$35.00
Erwin Anciano
Philippines
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Hi gamers, I just stumbled across this game today, had not heard of it before. My initial impression from reading the description is that it's based on Higurashi no Naku Koro ni?

Am planning to order this for my girlfriend and I, is it worth playing 2 players? Or does it work better with more players?
 
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Roberta Yang
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Higurashi is one of the main sources of inspiration, and some of the plots/subplots are clear references to Higurashi. The main difference is that Higurashi is primarily horror, while Tragedy Looper is primarily mystery.

4 is the best number, but it's still great with 2. The only real drawback to having only a single protagonist player is that that player needs to be sharp -- without any allies to bounce ideas off of, it's easy to tunnel vision down the wrong track.
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Christian K
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Id say i is much easier for the protagonist with 2 since they don't have to say what they are thinking out load and can always communicate with their teammate (themself).

It is pretty good with 2 but amazing with 4.
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Brian M
United States
Thornton
Colorado
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It plays well with 2, and you avoid the confusion over communication rules for more than 2 Protagonist players. When we've played with 3+ players, we've just allowed the Protagonists to talk freely, which works fine. In that case, part of the fun for the Mastermind is listening to the conversation.
 
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Clyde W
United States
Washington
Dist of Columbia
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Totally works with two...it is then just a 1v1 game. But it truly shines at 3v1 (ie, 4 players), where the protagonists can only discuss what's happening between loops (ie, the suggested way of playing after you try out Case 1).
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Thanasis Patsios
Greece
Athens
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1vs1, with two equally experienced players, the protagonists will always win. It's way too easy for one player if he controls all 3 characters. The exact same thing holds if the protagonists (controlled by multiple players) re allowed to talk freely.

I'm not saying it's not an enjoyable experience, but a considerable advantage of the mastermind is the lack of communication for the investigators. Take that away and it becomes a steep uphill ride for the "bad guy".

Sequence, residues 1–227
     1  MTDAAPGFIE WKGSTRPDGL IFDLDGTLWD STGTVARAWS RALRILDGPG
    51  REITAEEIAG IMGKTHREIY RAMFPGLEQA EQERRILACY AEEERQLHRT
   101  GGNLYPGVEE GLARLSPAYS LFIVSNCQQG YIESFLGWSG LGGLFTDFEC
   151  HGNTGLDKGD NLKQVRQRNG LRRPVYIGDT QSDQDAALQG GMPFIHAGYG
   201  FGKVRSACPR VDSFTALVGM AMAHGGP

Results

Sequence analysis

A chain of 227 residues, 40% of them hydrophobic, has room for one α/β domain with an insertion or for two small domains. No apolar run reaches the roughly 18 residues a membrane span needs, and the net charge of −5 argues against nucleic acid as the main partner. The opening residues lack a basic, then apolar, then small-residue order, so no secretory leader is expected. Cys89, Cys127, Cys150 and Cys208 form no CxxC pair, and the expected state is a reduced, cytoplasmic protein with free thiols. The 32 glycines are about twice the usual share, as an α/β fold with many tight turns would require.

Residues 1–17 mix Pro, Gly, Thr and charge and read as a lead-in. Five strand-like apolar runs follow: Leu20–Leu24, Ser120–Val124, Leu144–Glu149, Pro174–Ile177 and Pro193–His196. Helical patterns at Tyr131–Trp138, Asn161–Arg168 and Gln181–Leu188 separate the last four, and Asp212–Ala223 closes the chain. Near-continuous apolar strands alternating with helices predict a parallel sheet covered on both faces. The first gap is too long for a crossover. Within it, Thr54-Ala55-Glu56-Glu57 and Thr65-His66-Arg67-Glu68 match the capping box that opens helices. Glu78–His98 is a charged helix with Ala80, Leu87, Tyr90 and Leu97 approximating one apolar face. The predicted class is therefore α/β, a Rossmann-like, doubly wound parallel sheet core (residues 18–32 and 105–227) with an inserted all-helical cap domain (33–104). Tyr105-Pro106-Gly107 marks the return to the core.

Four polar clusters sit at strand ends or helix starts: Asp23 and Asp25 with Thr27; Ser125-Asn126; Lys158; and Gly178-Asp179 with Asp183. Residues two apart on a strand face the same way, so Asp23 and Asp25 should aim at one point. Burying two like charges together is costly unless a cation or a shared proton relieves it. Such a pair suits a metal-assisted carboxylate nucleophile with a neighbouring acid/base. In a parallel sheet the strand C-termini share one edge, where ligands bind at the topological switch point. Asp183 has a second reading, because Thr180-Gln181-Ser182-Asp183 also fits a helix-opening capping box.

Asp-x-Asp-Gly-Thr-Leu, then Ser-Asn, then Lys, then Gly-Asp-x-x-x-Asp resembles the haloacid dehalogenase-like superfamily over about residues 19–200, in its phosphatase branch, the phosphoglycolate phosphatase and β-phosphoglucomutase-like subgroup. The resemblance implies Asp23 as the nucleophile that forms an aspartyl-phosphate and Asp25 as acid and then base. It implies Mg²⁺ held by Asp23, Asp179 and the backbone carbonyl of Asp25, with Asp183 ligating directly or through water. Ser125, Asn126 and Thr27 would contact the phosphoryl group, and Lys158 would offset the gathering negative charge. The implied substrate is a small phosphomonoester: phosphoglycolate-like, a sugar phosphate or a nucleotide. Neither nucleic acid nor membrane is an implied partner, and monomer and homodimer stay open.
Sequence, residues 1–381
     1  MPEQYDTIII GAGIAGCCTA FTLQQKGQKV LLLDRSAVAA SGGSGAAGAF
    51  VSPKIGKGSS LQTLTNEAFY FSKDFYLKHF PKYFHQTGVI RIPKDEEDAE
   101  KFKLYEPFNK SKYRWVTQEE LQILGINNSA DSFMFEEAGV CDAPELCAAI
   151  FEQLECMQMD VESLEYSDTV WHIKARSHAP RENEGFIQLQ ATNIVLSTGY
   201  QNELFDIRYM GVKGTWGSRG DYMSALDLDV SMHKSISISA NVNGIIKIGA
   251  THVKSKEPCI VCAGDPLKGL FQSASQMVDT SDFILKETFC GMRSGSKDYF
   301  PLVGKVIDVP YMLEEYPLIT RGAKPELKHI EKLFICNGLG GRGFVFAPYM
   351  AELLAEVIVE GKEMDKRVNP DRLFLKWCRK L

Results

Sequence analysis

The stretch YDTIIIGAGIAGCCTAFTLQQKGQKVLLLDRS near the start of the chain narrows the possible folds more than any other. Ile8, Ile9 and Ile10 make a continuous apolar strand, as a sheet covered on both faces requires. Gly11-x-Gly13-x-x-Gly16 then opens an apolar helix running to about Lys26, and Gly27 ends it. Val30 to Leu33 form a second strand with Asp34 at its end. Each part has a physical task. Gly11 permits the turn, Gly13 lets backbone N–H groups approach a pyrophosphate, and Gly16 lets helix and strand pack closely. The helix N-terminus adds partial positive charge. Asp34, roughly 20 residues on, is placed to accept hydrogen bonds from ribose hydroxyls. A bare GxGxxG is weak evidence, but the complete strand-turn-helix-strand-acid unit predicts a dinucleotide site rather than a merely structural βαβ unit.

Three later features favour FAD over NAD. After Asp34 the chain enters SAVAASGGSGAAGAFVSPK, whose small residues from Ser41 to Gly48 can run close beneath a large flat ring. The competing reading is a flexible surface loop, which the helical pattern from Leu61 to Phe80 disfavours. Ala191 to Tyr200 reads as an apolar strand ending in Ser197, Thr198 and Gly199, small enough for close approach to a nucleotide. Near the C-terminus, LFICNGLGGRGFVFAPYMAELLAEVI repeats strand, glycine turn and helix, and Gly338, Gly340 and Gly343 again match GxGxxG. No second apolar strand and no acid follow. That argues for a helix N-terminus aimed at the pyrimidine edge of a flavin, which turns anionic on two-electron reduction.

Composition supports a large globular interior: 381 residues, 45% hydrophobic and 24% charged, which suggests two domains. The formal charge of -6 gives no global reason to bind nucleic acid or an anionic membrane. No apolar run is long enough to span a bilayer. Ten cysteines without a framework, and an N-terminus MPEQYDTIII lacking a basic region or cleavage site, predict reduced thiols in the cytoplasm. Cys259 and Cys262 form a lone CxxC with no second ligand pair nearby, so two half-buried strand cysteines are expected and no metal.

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Roberta Yang
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NasosP wrote:
1vs1, with two equally experienced players, the protagonists will always win. It's way too easy for one player if he controls all 3 characters.

This does not mirror my experience.
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Simon Lundström
Sweden
Täby
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Now who are these five?
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Most scripts are playtested on 2.
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Michael Kirkpatrick
United States
South Bend
Indiana
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As others have pointed out, both Table Talk and the number of players can have an impact on difficulty for the protagonists... But in my experience the biggest impact is player skill. For example, as the Mastermind I have won all of my 1v1 games... Yet I lost last night when I played against 3 protagonists. Of note is that these 3 protagonists were significantly stronger on the analytical side than my 1v1 protagonist.

The short answer is that you can definitely play this with your girlfriend and have a lot of fun! Depending on her skill level, games will probably sway one way or another. That's where choosing the number of loops allows you to adjust the difficulty. (Most scripts suggest 2 different options for the number of loops, so if you want to make it easier for the protagonist(s), give them the higher number.)
 
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Tomer Mlynarsky
Israel
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Note: I didn't read Higurashi, but I did read Umineko (sort of sequel since characters went from one to the other).

There is a strong vibe in there that gives the feeling of the repeated loops. The thing is, at least in Umineko, Battler doesn't try to use the loop to his advantage like you can (and must) in this game. Although Erika does, so make of it what you will.


As for 2 players, I think people summed it up nicely above -
with 1 person controlling all 3, he doesn't have to communicate with anyone on the other hand he doesn't have anyone to bounce ideas from.

To give another anime analogy, think of Near & Mello vs L.
 
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